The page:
Social care staff shortages an ‘early warning flag’ as cases continue to rise

The Government has been warned that care homes risk being overwhelmed by the coronavirus, as the National Care Forum (NCF) finds that some providers are having to operate at only 50% of staffing capacity.

Increasing numbers of social care staff having to isolate after a positive test is leaving care providers with potentially dangerous staff shortages as the second wave of the coronavirus continues to spread across the UK, according to a new report from the National Care Forum (NCF).

The snapshot survey of care providers, carried out from 1-8 January 2021, showed individual services reported staff absences ranging between 11 and 40%, with a small number reporting that up to half of their staff were absent due to Covid-19.

The report notes that the combination of increased testing of care home staff and residents as well as high levels of community transmission has resulted in these new staff shortages as a ‘clear and loud alarm’ to the UK government.

Providers are having to run services through a combination of offering extra overtime, bringing in staff from other services and not accepting new referrals or admissions from hospital or the community.

The findings come as hospitals are struggling to cope with the numbers of Covid-19 patients being admitted into hospitals on a daily basis and are looking to move some patients back into care settings.

NHS Trust leaders have called for an emergency approach between the NHS, local and national government, and the care sector to move patients from hospitals into care homes when they ‘no longer require complex medical care’.

Chris Hopson, chief executive of NHS Providers said that whilst there was ‘no question’ of using care homes for patients who could introduce COVID-19 infection into those settings, pressures on the NHS had reached a point where hospitals needed to ‘urgently identify additional capacity – beyond hospitals and NHS community service beds – to ensure newly arriving patients get the care they need.’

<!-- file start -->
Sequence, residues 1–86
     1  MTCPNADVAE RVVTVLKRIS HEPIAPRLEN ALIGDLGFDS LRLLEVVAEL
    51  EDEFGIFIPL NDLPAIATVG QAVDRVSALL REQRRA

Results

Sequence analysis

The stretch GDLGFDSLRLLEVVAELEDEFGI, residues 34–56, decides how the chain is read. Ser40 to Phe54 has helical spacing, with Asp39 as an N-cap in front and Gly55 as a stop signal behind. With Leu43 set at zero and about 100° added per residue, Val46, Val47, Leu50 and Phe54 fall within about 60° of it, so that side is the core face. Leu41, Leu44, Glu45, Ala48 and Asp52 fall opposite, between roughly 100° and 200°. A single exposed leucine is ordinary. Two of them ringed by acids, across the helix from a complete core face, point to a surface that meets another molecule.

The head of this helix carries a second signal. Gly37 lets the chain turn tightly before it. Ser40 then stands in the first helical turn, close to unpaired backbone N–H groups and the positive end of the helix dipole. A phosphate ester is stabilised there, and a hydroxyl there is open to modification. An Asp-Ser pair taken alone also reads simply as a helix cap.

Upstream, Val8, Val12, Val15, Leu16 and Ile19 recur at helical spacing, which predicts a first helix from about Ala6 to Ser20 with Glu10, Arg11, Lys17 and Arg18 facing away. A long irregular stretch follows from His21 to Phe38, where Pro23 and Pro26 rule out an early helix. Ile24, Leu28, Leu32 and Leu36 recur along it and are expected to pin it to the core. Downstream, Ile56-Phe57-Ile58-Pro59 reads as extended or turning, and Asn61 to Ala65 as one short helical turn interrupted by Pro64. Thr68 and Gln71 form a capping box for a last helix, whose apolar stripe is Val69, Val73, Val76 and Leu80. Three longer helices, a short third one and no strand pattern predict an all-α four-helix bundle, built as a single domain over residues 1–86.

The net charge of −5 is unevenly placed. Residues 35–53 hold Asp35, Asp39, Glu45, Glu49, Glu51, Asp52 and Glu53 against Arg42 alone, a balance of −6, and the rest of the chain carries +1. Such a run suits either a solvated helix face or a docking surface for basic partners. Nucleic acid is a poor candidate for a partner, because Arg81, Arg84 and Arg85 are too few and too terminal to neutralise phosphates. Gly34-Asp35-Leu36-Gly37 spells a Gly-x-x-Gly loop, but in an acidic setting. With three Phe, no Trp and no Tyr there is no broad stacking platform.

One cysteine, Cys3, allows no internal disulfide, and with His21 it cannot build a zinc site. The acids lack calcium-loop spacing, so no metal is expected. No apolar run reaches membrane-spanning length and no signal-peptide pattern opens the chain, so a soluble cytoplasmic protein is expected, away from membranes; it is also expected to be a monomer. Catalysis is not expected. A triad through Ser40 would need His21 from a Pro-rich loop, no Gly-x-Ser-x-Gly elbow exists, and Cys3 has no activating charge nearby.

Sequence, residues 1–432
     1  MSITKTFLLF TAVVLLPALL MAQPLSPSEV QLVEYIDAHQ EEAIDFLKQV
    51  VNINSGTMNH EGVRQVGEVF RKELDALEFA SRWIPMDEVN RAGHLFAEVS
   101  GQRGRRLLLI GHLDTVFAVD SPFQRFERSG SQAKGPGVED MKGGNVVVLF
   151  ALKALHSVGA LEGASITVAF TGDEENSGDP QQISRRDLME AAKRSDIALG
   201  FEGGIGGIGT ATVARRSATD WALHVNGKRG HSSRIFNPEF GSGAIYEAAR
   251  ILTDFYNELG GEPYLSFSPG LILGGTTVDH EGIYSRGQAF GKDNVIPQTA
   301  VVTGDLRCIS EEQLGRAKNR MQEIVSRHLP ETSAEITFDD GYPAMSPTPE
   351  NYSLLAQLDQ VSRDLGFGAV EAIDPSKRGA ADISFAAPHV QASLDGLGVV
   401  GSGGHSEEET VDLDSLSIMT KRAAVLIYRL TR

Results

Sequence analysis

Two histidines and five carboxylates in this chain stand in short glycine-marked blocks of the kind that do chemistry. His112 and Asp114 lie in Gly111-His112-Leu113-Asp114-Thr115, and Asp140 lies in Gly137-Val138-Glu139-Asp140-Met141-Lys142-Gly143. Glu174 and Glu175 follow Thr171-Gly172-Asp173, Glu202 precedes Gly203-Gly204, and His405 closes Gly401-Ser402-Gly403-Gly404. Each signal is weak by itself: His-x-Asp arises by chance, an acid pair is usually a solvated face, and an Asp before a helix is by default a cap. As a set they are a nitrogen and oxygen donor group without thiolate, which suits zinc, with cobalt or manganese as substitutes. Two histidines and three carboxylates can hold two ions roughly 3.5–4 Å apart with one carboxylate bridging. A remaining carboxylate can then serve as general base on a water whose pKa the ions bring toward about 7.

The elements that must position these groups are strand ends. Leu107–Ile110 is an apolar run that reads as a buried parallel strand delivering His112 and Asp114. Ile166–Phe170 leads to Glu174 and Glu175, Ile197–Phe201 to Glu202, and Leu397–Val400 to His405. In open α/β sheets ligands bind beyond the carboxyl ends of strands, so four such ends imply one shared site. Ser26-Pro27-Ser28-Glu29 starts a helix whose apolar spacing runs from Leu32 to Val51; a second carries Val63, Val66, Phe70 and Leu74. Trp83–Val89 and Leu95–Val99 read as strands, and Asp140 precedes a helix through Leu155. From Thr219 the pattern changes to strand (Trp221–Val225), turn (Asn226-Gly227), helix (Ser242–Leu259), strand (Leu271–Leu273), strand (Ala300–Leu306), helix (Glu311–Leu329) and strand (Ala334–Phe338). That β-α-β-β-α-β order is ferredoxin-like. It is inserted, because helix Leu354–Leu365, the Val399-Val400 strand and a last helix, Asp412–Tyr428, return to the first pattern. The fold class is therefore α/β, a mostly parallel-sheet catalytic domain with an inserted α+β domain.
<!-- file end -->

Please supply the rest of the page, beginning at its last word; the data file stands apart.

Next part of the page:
“We need more beds, and with the right NHS clinical support and government financial support, there is a potential opportunity to use care and nursing homes and extra social care at home for that additional bed capacity,” Hopson added.

However, Vic Rayner, Executive Director of the NCF, warned that care services were already under ‘immense pressure’ and urged the Government to take action ‘to ensure social care services can provide the care and support so desperately needed.’

Rayner added that additional staffing capacity would need to be resourced quickly to “allow for full staffing to be available in the light of short-term absences of the nature that services are seeing during this period of exceptionally high community transmission.”

“While the recent focus has been on the pressure being experienced by hospitals and the NHS, this is a red flag that pressure is mounting in the social care sector too. We must pay close attention to this as social care is integral to the overall system,” Rayner continued.

“Additional capacity needs to be resourced and built into care services to allow for full staffing to be available in the light of short-term absences of the nature that services are seeing during this period of exceptionally high community transmission. Vaccination for care workers must be delivered at pace, and we need prioritised turnaround of testing from care homes.”

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